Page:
Everything You Need To Know About Management Corporation Strata Title (MCST)

“MCST” is one of the many property-related words repeatedly thrown around in the real estate market. While this concept is not just limited to residential properties, most people first come across this term in the context of their own homes or during property purchasing journeys.

The MCST is an essential aspect of private property living in Singapore. Private developments, such as condominiums, often come with an array of different shared facilities including swimming pools, function rooms and gyms. These amenities fall under the scope of the MCST. Additionally, if you purchase a unit in a strata title development, you will automatically be a member of the MCST. Thus, a good understanding of who they are and what they do is important, particularly for strata title property dwellers. 

What is an MCST?

Essentially, the Management Corporation Strata Title, or MCST for short, mainly refers to the managing body of a condominium, or any other complex which has multiple owners and shared facilities. In Singapore, this is usually associated with private residential development with more than one owner and where they are many common areas that require joint-maintenance. Each MCST is differentiated through a tracking number and an official name with the format “The Management Corporation — Strata Title Plan No. ___”.


How is the MCST formed?

The MCST is guided by the legislations set out in the Building Maintenance and Strata Management Act (BMSMA). The BMSMA provides a legal scaffold for MCSTs to manage their developments to ensure they are being run efficiently and independently. The MCST is created when a project is near completion, once the developer submits the development’s strata title plan to the Chief Surveyor and an application is made to the Registrar of Titles of the Singapore Land Authority (SLA).

In the first year, or the “initial period”, of the formation of an MCST, the developer is the party  responsible for the duties of the management of the property. At this stage, the developer is also in charge of opening a bank account under the name of the MCST. All money collected for the maintenance fund is then deposited in this account where proper records must be kept. However, if the Commissioner of Buildings believes that the developer is poorly managing the estate, they can appoint a separate managing agent to take over.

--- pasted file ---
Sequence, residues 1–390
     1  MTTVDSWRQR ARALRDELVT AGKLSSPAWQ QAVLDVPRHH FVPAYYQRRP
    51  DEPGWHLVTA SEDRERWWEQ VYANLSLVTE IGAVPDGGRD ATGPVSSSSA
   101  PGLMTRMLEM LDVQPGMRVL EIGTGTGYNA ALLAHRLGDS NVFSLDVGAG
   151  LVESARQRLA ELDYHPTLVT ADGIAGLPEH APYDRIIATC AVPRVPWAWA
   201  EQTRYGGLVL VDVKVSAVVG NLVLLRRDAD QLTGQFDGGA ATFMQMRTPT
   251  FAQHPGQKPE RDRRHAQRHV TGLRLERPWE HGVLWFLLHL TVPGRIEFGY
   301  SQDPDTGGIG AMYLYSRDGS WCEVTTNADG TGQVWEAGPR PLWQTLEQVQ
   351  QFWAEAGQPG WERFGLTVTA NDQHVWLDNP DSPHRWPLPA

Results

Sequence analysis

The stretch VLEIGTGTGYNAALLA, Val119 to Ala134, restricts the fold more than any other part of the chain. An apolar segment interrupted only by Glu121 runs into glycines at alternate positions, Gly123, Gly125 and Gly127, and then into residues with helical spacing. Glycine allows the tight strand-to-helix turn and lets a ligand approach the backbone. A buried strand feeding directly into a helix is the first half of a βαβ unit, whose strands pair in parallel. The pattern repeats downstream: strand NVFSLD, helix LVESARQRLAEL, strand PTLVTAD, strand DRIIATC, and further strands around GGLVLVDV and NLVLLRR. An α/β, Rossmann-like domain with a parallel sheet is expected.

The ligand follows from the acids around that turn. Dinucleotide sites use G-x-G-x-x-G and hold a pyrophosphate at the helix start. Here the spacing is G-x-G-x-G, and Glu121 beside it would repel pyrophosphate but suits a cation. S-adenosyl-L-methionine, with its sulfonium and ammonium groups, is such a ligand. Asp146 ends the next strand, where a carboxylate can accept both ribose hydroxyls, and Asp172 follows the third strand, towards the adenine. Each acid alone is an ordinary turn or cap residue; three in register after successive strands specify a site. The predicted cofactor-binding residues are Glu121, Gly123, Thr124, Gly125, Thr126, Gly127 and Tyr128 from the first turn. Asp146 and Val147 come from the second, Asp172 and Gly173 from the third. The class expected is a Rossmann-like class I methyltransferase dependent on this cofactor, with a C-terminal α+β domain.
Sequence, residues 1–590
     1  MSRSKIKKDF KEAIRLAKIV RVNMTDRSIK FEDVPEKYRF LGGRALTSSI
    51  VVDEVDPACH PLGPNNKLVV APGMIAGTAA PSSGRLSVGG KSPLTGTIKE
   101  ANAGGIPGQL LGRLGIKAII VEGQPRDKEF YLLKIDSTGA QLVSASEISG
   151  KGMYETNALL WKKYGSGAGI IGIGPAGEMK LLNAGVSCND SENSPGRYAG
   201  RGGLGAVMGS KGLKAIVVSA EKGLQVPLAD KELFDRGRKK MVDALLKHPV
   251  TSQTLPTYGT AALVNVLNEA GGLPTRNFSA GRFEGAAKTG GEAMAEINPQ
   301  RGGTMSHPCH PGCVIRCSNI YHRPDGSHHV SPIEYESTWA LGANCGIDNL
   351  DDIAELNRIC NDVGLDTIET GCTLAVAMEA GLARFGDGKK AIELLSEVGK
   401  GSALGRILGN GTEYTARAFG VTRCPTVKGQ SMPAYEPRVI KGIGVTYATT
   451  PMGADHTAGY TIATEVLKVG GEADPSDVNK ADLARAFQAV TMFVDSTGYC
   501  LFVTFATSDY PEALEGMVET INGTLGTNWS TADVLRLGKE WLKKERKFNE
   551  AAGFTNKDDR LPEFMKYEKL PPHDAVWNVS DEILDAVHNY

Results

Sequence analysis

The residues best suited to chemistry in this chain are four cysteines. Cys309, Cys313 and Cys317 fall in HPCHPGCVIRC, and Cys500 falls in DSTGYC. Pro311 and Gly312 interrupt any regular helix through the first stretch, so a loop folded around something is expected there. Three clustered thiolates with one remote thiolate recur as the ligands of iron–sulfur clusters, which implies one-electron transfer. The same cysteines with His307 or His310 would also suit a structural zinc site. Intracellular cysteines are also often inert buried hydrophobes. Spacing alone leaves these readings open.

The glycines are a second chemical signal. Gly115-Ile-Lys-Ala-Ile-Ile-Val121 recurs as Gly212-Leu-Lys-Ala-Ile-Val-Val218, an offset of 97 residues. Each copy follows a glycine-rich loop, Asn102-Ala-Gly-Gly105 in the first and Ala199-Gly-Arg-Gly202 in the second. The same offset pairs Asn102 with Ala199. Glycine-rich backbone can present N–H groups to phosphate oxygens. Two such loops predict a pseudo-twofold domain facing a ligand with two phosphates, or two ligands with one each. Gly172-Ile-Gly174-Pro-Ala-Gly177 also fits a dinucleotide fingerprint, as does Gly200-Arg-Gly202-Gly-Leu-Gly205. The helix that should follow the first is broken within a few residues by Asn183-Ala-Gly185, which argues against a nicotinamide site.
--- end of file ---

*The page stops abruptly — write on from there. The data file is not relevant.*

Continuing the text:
Subsequently, the developer will have to arrange for the first Annual General Meeting (AGM) where the collective responsibilities and control of the MCST are handed over to the property owners, or the subsidiary proprietors (SPs). During this inaugural AGM, the owners must select a council to supervise the management corporation (MC) through an election. This council comprises of not more than 14 people including a chairperson, a secretary, a treasurer and various council members. The council then hires a managing agent who is in charge of the day-to-day operations of the development and acts as the point of liaison between the different parties. The annual contribution, inclusive of maintenance fees, for the common areas is also decided during this meeting.

After this AGM, the developer will hand over all authority of the MCST to the elected management council. This also includes the transfer of all funds previously collected and any other items that are essential for the council to perform their responsibilities.

Why is an MCST important?

There is a necessity for such a self-governing body for strata title housing due to the nature of such developments. Furthermore, a large number of Singaporeans live in estates such as condominiums where the common facilities are actually co-owned by all the residents.

Facilities and services such as swimming pools and security need to be properly managed and maintained. Additionally, someone also has to be responsible in the event something is spoilt and requires repairing. However, as property owners generally do not have the time or the energy to constantly micro-manage every aspect of the development themselves, they delegate this task to a separate group. This is where the MCST steps in and takes over.

What does the MCST do?

On top of collecting maintenance fees, the job scope of the MCST is extremely broad and it is hard to exactly define what they do. This ranges from managing the daily workings of the common facilities of the estate such as cleaning, upkeeping or repairing where necessary to the overseeing of the overall security of the development.

The standard of MCSTs also vary across different estates. The quality of service provided and the breadth of the tasks they cover are the key factors in differentiating one MCST over their competitors. Good MCSTs will go the extra mile, beyond simply taking care of the physical aspects of the estate. They may introduce initiatives to develop a sense of community and rapport, increasing quality of living. On the other hand, other MCSTs may just do the bare minimum, often not fixing problems until they surface rather than nipping it in the bud. However, in reality, most fall in between these two extremes.

Why does this matter to me?

All in all, the importance of the MCST cannot be undermined. This is an aspect of property ownership that affects the everyday lives of private housing residents. In some cases, the calibre of the MCST is a deciding factor on whether to purchase a property. Depending on the upkeep of the estate, there could also be an impact on the future value of the property.

Therefore, in the long run, understanding the ins and outs of the MCST will help you in becoming a more responsible property owner. It is also critical to stay active in the community and to know what is going on so that you can have a say in your own home.

Mervyn Chia
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